The only monthly feature that profiles the careers of the industry’s most accomplished foodservice equipment and supplies dealer sales reps by presenting their achievements, views on customer service and secrets to their success.
Ariel Potash has been around commercial kitchens his entire life, with family members who work as chefs and caterers, including his wife.
The pharmaceutical and foodservice equipment industries could not be more different, yet it was training in drug sales that helped Christine Poldiak land her current job as outside sales rep for TriMark United East.
After working as a preventative maintenance technician for Strategic Equipment & Supply Corp.'s ISI Commercial Refrigeration division while attending University of North Texas, Danny Monnat took a year off to become a certified paralegal. "I was considering going to law school, but decided that wasn't the route I wanted to take," Monnat says. "Instead, I focused on finishing my undergraduate degree in business."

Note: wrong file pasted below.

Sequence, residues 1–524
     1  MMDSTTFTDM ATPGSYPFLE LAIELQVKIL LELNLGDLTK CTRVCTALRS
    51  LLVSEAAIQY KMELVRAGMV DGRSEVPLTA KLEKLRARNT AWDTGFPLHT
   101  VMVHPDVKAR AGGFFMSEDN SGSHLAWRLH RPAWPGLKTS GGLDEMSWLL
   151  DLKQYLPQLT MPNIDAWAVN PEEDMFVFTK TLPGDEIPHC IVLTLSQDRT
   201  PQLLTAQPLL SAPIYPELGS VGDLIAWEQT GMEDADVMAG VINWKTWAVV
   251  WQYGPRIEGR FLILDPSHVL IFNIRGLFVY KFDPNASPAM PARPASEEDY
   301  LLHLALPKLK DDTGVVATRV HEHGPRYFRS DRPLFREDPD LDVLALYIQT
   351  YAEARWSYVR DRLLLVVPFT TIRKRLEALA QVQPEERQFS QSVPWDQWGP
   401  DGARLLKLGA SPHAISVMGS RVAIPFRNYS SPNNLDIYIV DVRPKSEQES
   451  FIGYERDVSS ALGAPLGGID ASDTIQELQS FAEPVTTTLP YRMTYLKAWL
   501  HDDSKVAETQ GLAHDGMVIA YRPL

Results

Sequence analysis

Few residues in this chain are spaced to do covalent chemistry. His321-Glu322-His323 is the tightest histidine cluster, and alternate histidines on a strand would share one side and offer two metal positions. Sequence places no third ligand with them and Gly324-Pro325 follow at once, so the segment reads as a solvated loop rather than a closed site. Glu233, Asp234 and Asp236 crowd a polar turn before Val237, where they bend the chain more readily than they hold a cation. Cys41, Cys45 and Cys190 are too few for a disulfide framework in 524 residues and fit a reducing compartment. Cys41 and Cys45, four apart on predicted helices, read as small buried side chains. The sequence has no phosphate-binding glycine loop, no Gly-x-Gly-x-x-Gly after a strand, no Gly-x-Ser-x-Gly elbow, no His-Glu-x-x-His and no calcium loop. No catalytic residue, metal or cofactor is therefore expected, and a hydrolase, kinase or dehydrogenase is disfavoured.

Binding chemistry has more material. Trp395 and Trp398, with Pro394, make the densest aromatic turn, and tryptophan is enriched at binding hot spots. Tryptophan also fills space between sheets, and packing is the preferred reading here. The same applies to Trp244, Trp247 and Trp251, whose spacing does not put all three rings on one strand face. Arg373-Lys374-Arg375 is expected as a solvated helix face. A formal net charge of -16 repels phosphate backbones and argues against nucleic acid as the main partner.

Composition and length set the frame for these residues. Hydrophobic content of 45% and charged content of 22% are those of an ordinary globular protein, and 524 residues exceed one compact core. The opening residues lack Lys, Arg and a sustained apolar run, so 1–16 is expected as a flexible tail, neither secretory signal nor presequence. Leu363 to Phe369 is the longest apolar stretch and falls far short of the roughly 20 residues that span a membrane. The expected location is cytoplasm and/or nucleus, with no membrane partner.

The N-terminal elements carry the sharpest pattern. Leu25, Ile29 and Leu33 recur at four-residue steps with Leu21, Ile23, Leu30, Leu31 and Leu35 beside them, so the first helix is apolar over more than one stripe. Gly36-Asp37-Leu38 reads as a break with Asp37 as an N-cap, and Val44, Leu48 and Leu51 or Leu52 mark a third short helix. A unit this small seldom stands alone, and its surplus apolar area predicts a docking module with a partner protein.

Ollie Wilkes is one of the few salespeople in the industry that has called on most of Mississippi at one time or another.
When asked to help deliver foodservice items as a high school student in the late '60s, Herb Paige had no idea this part-time job would be the start of a successful career in the industry much less help form his work ethic. "The man who trained me was old school," Paige says. "If I didn't wrap the glassware the way he wanted, he would make me wrap it again."
As a former restaurant manager, then a key accounts manager for a national soft drink company and now a successful DSR, David Maxwell has had a very well-rounded foodservice career.
While waiting tables in college, April Snow discovered she had an affinity for the hospitality industry. "I was just drawn to that environment," she says.
As a third generation dealer sales rep, Robert E. Alban has foodservice equipment in his blood.
Before becoming an account manager at Avanti Restaurant Solutions in Sacramento, Calif., five years ago, Jenn Pollack's only experience in the foodservice industry was as a dishwasher while in college. That position lasted just one month.
When Robert Machacek entered the foodservice industry as a teen working as a dishwasher, it was unlikely that he could see himself designing the type of kitchens he worked in at the time.
Making a career in foodservice equipment and supplies sales wasn't an intentional decision for Lauren Lanza, who earned a B.A. in psychology and began pursuing a graduate degree in the field. During high school, she worked at Harris Restaurant Supply, her family's dealership, moving from a position in customer service to one in sales.